Malaysian youth cheerleaders bring home gold in international championship in the US


Team Malaysia Youth All Girls (TMYAG), Malaysia's national cheerleading team youth division, in Orlando, the United States. Photo: Team Malaysia Cheer

When 20 teenage girls from Malaysia’s national youth cheerleading team travelled to Orlando, Florida, in the United States, to compete in two international competitions, little did they realise they would return as the champions.

Team Malaysia Cheerleading Youth All Girls (TMYAG) bagged the gold medal in the International Cheerleading Cup 2024 which took place on April 28 and 29, beating other finalists Mexico (second place) and Ecuador (third place).

“Winning the International Cheer Cup is a pleasant surprise and getting the first place is so unexpected. It was great team effort by the girls and the coaches, Coach Wah Zhai and Coach Bayle,” says TMYAG manager Becky Gan.

“I believe that the team, standing on this podium at the ESPN Wide World of Sports Complex in Orlando, the US, representing Malaysia, will make a significant impact on our nation as a whole in the sport of cheerleading. And singing our national anthem in this stadium in the US was a dream come true, the feeling was indescribable,” says Gan.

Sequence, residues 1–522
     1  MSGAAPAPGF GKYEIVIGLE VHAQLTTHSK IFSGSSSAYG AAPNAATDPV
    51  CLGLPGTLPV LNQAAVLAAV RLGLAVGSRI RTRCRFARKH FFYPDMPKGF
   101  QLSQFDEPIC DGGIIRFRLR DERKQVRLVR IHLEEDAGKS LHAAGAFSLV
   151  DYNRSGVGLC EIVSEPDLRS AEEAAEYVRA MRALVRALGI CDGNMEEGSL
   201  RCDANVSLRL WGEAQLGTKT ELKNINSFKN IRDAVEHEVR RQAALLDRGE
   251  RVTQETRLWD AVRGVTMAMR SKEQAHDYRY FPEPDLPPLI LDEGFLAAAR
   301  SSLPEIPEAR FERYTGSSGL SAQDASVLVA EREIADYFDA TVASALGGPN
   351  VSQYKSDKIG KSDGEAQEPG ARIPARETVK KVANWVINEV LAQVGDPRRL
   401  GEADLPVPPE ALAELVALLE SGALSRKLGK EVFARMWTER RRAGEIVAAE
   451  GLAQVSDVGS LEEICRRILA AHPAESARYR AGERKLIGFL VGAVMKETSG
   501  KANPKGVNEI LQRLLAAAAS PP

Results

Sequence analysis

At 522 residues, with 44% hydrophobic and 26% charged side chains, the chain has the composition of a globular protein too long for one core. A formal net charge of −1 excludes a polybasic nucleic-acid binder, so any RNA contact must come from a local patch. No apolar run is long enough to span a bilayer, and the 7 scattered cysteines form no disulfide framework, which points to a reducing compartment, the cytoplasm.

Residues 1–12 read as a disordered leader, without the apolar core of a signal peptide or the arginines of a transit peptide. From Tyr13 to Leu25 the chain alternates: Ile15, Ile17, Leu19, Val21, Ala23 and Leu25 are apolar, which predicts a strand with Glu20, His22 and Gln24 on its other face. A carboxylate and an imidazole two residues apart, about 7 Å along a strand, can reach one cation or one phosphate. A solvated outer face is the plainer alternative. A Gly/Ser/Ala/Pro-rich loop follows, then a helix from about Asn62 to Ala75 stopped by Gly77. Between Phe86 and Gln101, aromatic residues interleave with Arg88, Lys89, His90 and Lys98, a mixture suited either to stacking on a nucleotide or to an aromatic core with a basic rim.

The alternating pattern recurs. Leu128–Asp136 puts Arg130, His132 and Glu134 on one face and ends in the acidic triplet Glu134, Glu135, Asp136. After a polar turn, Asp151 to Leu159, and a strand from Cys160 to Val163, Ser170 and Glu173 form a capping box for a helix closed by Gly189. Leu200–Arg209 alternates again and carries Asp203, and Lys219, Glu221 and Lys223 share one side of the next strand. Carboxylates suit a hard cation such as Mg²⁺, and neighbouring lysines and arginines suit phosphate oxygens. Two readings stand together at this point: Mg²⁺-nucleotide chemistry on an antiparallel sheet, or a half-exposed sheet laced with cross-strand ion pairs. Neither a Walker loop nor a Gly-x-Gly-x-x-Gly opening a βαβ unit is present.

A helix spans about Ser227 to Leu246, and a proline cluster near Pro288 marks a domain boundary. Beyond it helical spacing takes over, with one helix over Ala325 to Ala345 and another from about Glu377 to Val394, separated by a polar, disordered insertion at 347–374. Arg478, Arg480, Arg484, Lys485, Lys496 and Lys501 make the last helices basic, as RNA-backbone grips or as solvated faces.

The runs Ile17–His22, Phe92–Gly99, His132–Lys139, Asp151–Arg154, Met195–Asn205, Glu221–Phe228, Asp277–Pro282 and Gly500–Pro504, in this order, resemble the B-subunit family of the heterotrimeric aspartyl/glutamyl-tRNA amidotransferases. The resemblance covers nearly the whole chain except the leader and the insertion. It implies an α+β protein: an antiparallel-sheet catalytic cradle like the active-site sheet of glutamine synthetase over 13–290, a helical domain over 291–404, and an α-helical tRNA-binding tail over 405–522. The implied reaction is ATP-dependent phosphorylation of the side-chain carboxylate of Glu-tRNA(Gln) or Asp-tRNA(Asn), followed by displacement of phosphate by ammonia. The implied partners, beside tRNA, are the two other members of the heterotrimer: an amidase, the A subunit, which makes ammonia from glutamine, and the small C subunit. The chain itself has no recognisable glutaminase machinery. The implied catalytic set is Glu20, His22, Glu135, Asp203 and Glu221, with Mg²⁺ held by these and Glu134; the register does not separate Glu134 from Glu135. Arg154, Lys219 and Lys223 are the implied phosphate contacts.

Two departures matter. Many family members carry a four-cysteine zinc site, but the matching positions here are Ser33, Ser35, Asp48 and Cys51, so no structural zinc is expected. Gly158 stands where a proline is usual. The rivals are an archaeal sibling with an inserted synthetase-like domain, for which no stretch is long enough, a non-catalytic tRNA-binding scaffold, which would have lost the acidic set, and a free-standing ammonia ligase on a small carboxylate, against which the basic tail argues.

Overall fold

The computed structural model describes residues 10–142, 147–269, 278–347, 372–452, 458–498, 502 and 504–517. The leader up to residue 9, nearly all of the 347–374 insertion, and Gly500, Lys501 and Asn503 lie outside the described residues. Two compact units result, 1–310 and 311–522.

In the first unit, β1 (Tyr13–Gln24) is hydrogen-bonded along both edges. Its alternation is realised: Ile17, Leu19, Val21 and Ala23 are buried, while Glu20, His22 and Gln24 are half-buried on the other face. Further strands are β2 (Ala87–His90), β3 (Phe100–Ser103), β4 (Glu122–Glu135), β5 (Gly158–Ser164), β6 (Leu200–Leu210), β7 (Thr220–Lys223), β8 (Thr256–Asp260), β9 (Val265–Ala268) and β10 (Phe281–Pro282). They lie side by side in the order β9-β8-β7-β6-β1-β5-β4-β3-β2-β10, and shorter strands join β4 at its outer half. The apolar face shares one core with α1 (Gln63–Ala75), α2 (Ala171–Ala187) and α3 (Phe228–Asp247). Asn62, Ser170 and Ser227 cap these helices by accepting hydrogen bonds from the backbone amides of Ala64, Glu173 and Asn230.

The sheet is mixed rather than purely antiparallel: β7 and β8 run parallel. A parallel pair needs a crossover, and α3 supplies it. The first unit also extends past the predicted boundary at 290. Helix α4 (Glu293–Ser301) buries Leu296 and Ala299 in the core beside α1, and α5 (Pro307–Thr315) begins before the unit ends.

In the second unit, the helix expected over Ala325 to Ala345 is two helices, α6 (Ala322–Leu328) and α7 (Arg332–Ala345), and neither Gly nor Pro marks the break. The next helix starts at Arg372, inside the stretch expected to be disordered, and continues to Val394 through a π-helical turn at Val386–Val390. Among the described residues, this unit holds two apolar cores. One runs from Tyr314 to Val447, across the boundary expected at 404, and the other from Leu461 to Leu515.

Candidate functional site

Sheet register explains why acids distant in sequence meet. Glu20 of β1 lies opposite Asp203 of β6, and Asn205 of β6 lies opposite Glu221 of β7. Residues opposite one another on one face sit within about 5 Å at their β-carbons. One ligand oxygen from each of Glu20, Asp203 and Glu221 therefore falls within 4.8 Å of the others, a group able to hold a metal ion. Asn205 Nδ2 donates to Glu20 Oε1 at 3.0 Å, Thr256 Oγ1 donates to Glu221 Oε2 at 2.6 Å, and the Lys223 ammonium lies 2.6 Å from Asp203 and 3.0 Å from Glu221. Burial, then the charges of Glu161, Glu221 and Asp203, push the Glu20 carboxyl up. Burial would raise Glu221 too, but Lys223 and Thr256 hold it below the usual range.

TMYAG also won the bronze in the ICU World Cheerleading Championship 2024 which took place from April 24 to 26. In first and second place were Canada and Mexico, respectively.

Team Malaysia Youth All Girls (TMYAG) in Orlando, Florida. Photo: Team Malaysia CheerTeam Malaysia Youth All Girls (TMYAG) in Orlando, Florida. Photo: Team Malaysia Cheer

For the young cheerleaders, to do so well in the international meet was thrilling.

“Our team is thrilled to get the gold in the International Cheerleading Cup 2024 and the bronze in the ICU World Cheerleading Championship 2024. We’re really proud to represent Malaysia and thankful for the opportunity,” says TMYAG co-captain Eva Marissa Ahmad Ridzuan, 14, in an interview from the US.

“We’re really glad to be here in the US. Winning the gold is a very special moment for us as a team,” adds co-captain Lee E Nin, 15.